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Danganronpa: Trigger Happy Havoc – Every Chapter Ranked

The Days of our Killing Lives
Image via Spike Chunsoft

Danganronpa: Trigger Happy Havoc is the first game in the series and laid the groundwork for future installments. When you first pick it up it can feel like a typical visual novel but you quickly learn it’s anything but. Equal parts dating sim, murder mystery, and court drama, Danganronpa is a unique experience that is hard to replicate.

We’ll be looking at everything in each chapter to see what ranks as the best. This includes the story, case, motivations of the Blackened, and more.

Danganronpa: Trigger Happy Havoc – Every Chapter Ranked

#6 – Chapter 01: To Survive

Image via Spike Chunsoft

The first chapter of the Danganronpa games tend to be on the weaker side. They mostly serve as tutorials so the mystery is more simplistic than subsequent ones. This one is no different as the, quite literally, spell out the perpetrator. The misdirect of the code was interesting and a handful of the revelations can be satisfying but, mostly, it falls short of other chapters. Being introduced to all the characters was pretty fun, though.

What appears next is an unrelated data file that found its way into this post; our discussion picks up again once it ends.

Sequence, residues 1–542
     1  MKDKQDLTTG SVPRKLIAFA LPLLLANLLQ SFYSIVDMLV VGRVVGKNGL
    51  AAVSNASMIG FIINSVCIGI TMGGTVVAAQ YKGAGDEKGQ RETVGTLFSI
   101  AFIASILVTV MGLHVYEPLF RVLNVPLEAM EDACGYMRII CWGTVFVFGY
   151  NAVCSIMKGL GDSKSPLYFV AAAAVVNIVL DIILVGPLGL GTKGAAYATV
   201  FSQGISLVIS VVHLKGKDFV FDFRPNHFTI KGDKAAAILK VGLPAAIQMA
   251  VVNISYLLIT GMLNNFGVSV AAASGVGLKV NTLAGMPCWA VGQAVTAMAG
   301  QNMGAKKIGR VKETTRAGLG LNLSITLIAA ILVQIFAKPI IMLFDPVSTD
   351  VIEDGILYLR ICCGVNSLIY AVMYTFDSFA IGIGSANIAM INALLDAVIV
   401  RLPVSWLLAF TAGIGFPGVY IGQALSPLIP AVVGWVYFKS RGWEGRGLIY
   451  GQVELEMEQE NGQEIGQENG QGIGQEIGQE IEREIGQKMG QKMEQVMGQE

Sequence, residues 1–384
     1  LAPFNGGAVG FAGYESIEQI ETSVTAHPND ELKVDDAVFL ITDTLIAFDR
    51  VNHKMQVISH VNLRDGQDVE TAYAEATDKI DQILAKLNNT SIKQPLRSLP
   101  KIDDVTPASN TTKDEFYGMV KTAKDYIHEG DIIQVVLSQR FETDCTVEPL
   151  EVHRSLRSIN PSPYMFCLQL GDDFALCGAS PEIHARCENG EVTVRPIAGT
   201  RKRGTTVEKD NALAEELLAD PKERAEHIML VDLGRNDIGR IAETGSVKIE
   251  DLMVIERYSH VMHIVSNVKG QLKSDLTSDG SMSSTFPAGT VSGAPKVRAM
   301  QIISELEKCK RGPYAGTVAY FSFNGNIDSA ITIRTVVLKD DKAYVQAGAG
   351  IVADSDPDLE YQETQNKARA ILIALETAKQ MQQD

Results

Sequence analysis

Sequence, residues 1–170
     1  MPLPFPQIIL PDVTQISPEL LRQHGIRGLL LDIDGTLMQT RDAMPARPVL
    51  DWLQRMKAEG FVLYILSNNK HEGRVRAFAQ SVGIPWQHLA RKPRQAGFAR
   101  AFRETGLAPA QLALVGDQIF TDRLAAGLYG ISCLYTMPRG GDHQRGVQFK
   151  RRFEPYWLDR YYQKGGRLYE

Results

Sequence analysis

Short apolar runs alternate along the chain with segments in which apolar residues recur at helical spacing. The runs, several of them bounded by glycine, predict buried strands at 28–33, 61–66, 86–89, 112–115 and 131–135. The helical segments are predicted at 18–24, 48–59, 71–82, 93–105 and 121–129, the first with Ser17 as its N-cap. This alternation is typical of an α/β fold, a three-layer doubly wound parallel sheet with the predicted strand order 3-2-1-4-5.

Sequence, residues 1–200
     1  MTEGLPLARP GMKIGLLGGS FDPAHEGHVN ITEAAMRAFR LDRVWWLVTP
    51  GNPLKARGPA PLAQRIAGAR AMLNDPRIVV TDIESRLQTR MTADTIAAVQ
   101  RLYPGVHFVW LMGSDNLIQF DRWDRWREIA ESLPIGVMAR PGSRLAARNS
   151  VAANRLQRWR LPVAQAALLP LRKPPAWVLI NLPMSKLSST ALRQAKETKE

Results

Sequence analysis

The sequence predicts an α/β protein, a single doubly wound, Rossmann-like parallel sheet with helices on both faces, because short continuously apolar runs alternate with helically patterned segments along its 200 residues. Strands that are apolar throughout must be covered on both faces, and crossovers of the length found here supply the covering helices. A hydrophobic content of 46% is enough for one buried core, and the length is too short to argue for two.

With Monokuma showing everyone a bit of the world and what happened to their friends and loved ones, it’s easy to see why someone would snap. The manner of death is pretty weak, but the potential murderer becoming the victim is pretty interesting.

#5 – Chapter 04: All Star Apologies

Image via Spike Chunsoft

With everyone being mistrustful, this was a great chapter to bring everyone together. Sakura is attacked after being found out that she’s been working with Monokuma. She knows that everyone can’t work together as long as she’s there, so she takes herself out of the equation.

This chapter has a good investigation period as you slowly piece together what happened and work towards the endgame. There’re several suspects all with motives and all with opportunity. It’s enhanced by Asahina being inconsolable and believing that everyone should be punished for making Sakura feel that way. She tries her best to pick a blackened quickly, knowing it would result in all their deaths. There’s not a lot bad here, but nothing exceptional either.